Posted on June 19, 2017

PG&E Restores Power as Heat Wave Grips Much of California

By Tracy Correa Lopez

If you’ve ventured outside in recent days, you’ve no doubt felt it: California is in the midst of a brutal heat wave.

Record high temperatures were reported Sunday (June 18) throughout the state, including in the Bay Area with San Jose hitting 103, Oakland hitting 97 and San Francisco reaching 88 degrees. Triple digits were rampant as Redding reached 110 while Sacramento and Fresno’s high was 106.

Walnut Creek-based lineman Kevin Taylor replaces a transformer in Concord where the temperature reached 110 on Sunday.

The extreme temperatures pushed the state’s power grid to its limit and PG&E experienced some of the highest daily heat outage volumes since a July 2006 heat wave.

The sweltering temperatures are expected to continue this week. Bakersfield, for example, is predicted to hit 112 by Tuesday as triple digits linger in interior valleys.

PG&E’s Pat Hogan encouraged customers to do what they can to plan for the heat and above all, stay safe.

“Our top priority during any major weather event is the safety of our customers and employees, and our dedicated crews continue to work through the extreme heat to restore power for all of our customers safely and as quickly as possible,” said  Hogan, senior vice president, Electric Operations.

“The week’s record-setting heat event follows one of the most intense winter storm seasons the PG&E service area experienced in decades. Our employees have risen to the challenge throughout 2017 to mobilize the resources and technology needed to restore service to our customers.”

Of the nearly 200,000 customers who lost power Sunday — including more than 100,000 in the Bay Area — 92 percent were restored within six hours and 99 percent within 12 hours.

To respond to the heat-related outages, PG&E has activated 12 division emergency centers and two regional emergency centers. The company is mobilizing and moving resources and personnel to the most-affected areas and continues to evaluate the electric grid and outages to best plan its response to restore service to customers.

Rick Bertel, electric crew foreman at PG&E’s Antioch Service Center in Contra Costa County, said his team worked through the night getting power restored to customers in what he called a rare and early “heat storm.”

“This is not normal,” he said of the triple-digit temps in mid-June. “It’s usually in the 90s, but not in the 100s.”

He said most of the outages are due to the heavy strain on transformers because everyone has their air conditioners on at the same time.

Kevin Taylor is just one of many PG&E employees working long hours to keep the power on for customers.

Bertel said his crew has been working 16-hour shifts and is expected to do the same over the next few days. Despite working in sizzling outdoor conditions, he praised their commitment to the work and PG&E customers.

“When it comes to heat, earthquakes, rain and storms… every one of these guys steps up and does a really good job. They work safe, they work hard. They take a lot of pride in their work and I’m really proud to work with them,” he said.

The California Independent System Operator (CAISO), which oversees the statewide grid, predicted peak demand today of 45,799 megawatts. CAISO is watching conditions closely and although a Flex Alert was not announced today, one has been issued for Tuesday and Wednesday.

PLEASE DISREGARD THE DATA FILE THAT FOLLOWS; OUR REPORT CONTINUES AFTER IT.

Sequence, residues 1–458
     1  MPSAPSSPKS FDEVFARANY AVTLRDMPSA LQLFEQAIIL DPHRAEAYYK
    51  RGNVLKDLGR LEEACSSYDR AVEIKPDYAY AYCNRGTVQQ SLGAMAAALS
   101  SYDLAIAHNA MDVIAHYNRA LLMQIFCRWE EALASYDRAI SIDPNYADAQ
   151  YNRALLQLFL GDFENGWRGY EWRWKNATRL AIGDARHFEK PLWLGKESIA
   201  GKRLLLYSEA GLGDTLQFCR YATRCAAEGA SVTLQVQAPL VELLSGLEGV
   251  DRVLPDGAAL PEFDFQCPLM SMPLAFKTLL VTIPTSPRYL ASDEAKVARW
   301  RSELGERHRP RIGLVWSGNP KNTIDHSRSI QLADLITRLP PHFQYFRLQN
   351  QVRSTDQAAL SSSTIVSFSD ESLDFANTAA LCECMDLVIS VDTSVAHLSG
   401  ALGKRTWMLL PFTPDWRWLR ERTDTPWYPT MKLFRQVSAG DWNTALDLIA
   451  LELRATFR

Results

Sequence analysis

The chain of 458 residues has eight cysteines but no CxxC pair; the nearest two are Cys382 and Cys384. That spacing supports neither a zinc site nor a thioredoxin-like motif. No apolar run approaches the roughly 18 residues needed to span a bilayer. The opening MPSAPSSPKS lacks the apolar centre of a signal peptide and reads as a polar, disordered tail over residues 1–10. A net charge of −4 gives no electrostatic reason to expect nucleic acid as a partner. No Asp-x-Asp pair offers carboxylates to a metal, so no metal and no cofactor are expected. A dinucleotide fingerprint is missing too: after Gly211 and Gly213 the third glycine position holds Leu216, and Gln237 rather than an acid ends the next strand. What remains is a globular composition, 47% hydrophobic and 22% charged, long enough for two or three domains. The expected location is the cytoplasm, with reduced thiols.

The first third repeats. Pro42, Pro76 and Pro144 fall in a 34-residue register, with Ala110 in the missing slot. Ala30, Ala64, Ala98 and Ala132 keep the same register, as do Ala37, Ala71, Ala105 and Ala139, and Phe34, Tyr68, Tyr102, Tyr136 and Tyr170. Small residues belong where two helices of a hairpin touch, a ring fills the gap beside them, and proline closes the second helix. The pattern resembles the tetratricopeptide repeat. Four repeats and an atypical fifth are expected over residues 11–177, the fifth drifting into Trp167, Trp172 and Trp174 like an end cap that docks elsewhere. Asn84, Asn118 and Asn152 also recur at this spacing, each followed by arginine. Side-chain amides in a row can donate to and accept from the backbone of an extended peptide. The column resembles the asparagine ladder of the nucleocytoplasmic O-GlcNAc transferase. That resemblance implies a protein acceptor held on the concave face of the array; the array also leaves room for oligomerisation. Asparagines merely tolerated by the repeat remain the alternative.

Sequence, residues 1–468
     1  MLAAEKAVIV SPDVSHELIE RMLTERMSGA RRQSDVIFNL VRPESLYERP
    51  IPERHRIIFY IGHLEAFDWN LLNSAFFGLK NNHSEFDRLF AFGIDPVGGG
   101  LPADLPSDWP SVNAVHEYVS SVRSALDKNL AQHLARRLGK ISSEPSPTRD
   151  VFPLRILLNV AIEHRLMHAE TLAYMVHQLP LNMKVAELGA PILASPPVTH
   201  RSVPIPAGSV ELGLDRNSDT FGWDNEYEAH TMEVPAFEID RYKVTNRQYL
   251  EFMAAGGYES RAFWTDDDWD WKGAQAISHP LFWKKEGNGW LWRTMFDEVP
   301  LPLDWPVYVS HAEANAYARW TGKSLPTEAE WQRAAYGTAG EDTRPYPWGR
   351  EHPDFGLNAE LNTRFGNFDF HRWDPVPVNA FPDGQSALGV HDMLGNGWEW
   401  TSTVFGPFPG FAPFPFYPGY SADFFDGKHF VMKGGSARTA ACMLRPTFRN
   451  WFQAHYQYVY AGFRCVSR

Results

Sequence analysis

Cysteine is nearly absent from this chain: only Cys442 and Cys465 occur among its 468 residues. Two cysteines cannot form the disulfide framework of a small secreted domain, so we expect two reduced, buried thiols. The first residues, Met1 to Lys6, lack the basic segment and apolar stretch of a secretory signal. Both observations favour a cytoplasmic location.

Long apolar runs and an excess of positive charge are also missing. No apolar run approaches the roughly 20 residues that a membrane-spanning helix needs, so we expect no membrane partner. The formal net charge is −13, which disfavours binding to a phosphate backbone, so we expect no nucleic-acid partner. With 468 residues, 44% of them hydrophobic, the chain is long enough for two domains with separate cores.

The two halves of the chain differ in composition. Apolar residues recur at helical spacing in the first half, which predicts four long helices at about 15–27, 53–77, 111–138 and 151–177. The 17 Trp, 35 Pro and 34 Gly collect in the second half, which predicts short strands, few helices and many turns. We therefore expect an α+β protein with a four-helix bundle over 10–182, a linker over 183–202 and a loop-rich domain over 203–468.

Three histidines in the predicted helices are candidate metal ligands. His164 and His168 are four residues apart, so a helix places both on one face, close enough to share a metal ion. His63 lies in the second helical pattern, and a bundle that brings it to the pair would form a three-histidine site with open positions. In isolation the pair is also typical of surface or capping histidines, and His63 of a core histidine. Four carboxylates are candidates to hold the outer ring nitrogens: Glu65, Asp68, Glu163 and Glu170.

A Flex Alert is an urgent call to immediately conserve electricity during the afternoon —when air conditioners drive consumption — and shift energy use to off-peak hours (after 6 p.m.) when possible.

Below are tips for helping conserve energy and keeping your home or building cool.

Energy Conservation

  • Energy conservation measures help our state meet energy demand during heat events.
  • Small changes in your routine — such as shifting power consuming activities to the morning or after 7 p.m. — will help ease the load on California’s power grid, balance demand for electricity and help improve electric reliability on hot days.
  • In addition, conserving energy helps to reduce the need to purchase energy from older, more polluting “peaker” power plants, which may be brought online during periods of high demand.
  • By conserving energy, you’re not only saving money but helping the environment as well.

Tips for cooling your home or building

  • Set your air conditioner thermostat to 78 degrees or higher when you’re at home, health permitting, and 85 degrees when you’re away.
  • Setting your AC thermostat 5 degrees higher will save about 10 percent on cooling costs.
  • If you turn your ceiling fan on when using the air conditioner, you can raise your thermostat about 4°F to save on cooling costs with no reduction in comfort.
  • Shut windows and draw the shades to keep in pre-cooled air from the night and early morning.
  • Have your central cooling duct system checked for leaks. Up to 20 percent of cooled air can be lost through leaky or poorly insulated ducts.
  • Buy an Energy Star air conditioner if your air conditioner is ready to be replaced. It can reduce energy usage by up to 10 percent.
  • Avoid using an electric oven on hot days. Instead, cook on the stove, use a microwave oven, or grill outside.

PG&E wants customers to be mindful of their health during extreme heat conditions including staying hydrated and being aware for signs of heat-related illnesses. For information on staying safe during the heat click here.

Customers can also visit their community cooling centers, many of partially funded by PG&E. For more information on cooling centers and how to find the nearest one see www.pge.com/coolingcenter.

Email Tracy Correa Lopez at tracy.lopez@pge.com.

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"PG&E" refers to Pacific Gas and Electric Company, a subsidiary of PG&E Corporation.
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